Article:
Intel Rumored to Developing Future 16-Core ‘Alder Lake-S’ Desktop CPU

Intel Alder Lake-S Desktop CPU: Intel rumored to developing a new version of its hybrid Lakefield architecture for future multi-core desktop CPUs to deliver high core counts and hold power efficiency as it continues to increase its 10nm production efforts on a commercial scale. 

The CPU design codenamed Alder Lake-S was compared to the big.Little strategy of ARM that is quite common in today’s smartphone environment, where two or more disparate cores combined on a single processor. If the reports are accurate, the rumored Intel desktop CPUs based on Alder Lake-S will arrive nearly two generations down the line.

The move would not be unprecedented, considering that Intel already revealed its hybrid Lakefield initiative in 2018. It blends one high-performance core series with four Atom series cores and planned to use as the middle of this year for ultra-slim or even foldable devices. However, the rumored Alder Lake-S CPU said to have equipped with eight wide and eight smaller cores.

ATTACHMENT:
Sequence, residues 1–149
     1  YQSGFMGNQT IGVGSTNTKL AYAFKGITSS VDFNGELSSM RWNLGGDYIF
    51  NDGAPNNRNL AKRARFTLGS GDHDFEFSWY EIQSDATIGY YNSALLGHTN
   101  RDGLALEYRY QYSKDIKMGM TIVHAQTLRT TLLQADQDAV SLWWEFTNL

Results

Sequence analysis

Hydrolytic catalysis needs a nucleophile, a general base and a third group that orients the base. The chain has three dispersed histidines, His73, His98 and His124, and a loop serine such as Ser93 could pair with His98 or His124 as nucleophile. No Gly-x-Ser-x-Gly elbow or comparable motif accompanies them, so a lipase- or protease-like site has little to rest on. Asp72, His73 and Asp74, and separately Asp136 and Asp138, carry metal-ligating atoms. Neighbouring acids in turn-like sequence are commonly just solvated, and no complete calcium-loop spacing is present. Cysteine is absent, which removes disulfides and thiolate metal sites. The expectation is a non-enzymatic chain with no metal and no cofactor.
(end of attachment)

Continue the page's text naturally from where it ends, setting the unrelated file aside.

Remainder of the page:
Alder Lake-S said to involve a new LGA1700 socket, and variants could have TDPs ranging from 80W to 150W. Currently, 3 variants noted with two featuring the 8+8 core arrangement at two different TDP levels, and it looks like a lower-end version with only six big cores. All 3 variants said to feature Intel’s GT1 integrated graphics capabilities.

As per the timelines, a product like this would be the earliest to launch in Intel’s 12th Gen Core series. The 10th version started to roll out, which use the Comet Lake-S architecture for the desktop segment and later rumored to have 11th Gen codename Rocket Lake-S. 

As big. Little arrangements usually intended to combine processing power with energy consumption in battery-powered devices, the suffix S suggesting socketed desktop models is curious too.

Intel is under competition from AMD, which now offers Intel 16-core Ryzen 9 processors for desktop gamers and Ryzen Threadripper versions for high-end desktop workstations with up to 64 cores.

Currently, Intel high-core-count models, but only as part of its own HEDT lineup. The company has well struggled to launch 10nm CPUs and has extended the life of its 14nm manufacturing processes many times over the past several years. Now AMD Processor lineup uses a 7nm process and the company said it is on track for 5nm production. Users can stay connected with our web page for the latest technology updates.

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